The good folk at the Museum of London, easily walkable from St Pauls (Central line) and Moorgate (Northern, Circle, Hammersmith and City, Metropolitanand mainline railways) are running an exhibition on the the archaeology of the Elizabeth line, which is built on an East-West axis through London and because of its depth also cuts vertically through millennia of fascinating history. As an introduction to this new exhibition they have produced a spectacular…
A FINAL LINK
For more about this fascinating new exhibition and about tunnel archaeology please visit the appropriate page on the Museum ofLondon’s website by clicking here.
This Saturday I was in London for the day (see here for more details), and I have posted several times on this site in connection with this (here, here and here), and I am concluding my activity on this front by showing all the London Transport related photos from that day in one post.
The full title of the book is “The Subterranean Railway: How The London Underground was Built and How it Changed the City Forever”, and the author is Christian Wolmar.
A COMPREHENSIVE ACCOUNT
As well as providing a superb account of the development of London Underground, and the effect that this had on the city, Wolmar’s book also gives due coverage the alternative railway ideas that were proposed (and in the case of the atmospheric railway at Crystal Palace actually built) around the same time.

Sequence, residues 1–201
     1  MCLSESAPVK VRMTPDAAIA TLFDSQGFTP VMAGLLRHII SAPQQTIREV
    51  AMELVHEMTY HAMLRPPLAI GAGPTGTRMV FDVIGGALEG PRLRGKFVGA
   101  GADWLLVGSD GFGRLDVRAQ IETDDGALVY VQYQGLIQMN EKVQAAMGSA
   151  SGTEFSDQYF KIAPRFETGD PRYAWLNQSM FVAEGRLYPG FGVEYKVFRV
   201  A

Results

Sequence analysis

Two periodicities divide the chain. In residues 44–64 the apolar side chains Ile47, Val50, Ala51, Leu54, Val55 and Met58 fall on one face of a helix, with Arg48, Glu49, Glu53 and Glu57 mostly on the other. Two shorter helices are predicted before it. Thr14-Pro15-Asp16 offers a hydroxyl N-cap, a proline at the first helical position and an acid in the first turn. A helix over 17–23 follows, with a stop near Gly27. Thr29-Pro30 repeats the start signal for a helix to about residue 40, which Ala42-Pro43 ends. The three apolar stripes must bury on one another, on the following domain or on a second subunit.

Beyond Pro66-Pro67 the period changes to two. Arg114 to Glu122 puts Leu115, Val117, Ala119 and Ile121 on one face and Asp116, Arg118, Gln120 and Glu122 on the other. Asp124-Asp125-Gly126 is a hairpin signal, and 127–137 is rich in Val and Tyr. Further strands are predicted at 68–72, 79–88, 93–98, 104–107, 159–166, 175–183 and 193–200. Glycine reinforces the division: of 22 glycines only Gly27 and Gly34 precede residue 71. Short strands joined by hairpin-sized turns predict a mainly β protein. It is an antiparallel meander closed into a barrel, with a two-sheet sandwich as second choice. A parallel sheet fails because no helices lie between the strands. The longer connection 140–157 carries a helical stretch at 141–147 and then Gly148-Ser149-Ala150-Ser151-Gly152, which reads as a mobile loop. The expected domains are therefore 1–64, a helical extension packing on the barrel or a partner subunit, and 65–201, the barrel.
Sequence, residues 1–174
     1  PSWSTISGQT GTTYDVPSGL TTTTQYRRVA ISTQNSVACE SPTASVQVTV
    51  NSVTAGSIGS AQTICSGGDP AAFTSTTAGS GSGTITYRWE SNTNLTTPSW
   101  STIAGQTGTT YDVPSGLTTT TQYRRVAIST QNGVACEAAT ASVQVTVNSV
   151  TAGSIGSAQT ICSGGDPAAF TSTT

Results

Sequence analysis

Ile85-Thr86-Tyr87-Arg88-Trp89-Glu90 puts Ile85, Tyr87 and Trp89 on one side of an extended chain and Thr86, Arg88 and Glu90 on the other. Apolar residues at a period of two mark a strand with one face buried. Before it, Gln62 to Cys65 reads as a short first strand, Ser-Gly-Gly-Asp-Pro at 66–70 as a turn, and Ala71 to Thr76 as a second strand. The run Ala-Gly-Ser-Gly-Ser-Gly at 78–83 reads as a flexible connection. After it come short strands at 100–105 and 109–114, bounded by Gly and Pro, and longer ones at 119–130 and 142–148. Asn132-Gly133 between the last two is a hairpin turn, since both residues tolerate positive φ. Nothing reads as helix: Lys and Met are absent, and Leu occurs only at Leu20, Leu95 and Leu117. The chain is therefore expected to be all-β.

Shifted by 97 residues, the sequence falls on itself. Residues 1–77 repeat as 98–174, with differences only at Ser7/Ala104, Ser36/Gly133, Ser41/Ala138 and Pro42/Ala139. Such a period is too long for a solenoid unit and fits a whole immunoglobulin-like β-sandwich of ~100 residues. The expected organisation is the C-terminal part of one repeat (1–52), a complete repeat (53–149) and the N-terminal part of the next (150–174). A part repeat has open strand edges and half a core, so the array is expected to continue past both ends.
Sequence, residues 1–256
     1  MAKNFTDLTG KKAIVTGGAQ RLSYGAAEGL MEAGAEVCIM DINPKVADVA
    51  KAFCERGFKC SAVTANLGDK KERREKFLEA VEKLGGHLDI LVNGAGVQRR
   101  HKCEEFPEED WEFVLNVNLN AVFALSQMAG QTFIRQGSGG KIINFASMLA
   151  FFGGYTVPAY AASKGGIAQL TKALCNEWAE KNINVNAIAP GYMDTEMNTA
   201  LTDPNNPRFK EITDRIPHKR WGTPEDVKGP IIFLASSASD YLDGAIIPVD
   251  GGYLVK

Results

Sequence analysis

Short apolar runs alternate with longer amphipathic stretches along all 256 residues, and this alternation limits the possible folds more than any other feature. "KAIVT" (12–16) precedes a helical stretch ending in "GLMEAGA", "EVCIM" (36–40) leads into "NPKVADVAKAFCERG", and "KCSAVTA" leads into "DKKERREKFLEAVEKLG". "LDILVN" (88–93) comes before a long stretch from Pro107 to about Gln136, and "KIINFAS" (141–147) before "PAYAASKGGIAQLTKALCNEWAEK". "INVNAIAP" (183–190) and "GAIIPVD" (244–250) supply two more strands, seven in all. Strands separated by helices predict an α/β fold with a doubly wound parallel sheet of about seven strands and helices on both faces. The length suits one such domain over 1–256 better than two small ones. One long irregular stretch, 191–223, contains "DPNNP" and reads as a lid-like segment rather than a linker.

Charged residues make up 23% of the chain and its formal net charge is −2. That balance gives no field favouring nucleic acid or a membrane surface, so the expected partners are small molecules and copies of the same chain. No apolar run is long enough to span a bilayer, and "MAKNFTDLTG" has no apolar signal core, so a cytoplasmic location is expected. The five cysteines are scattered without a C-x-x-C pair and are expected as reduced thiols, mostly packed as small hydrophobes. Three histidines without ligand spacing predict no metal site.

All the good stories are there, from Charles Pearson, Edward Watkin and Robert Selbie through Charles Tyson Yerkes (who in the first decade of the 20th century raised a cool £18 million for tube building projects) and on to the days of public ownership. There are also some excellent illustrations.
I thoroughly enjoyed this book, and would recommend to anyone with an interest in public transport.
GETTING HOLD OF THE BOOK
As so often, I obtained my copy from the library, but for those who prefer buying to borrowing it is available via Book Depository for £9.98 with free worldwide delivery
A continuation of my series of posts about the lines the make up London Underground. My last post in this category was this purely speculative effort.
RED TRAINS AND FLUCTUATIONS
The Baker Street and Waterloo railway opened in 1906, running initially from Lambeth North (originally called Westminster Bridge Road) to Baker Street. By 1910 it had been extended to run from Elephant and Castle to Edgware Road. “The Elephant” as it is colloquially known remains the southern terminus to this day, but the line was extended north in stages, to Paddington in 1913, Queens Park where it rose to the surface in 1915, and then running over mainline tracks, with “compromise” height (see Project Piccadilly for more detail) platforms on to Watford Junction, to which services started running in 1917.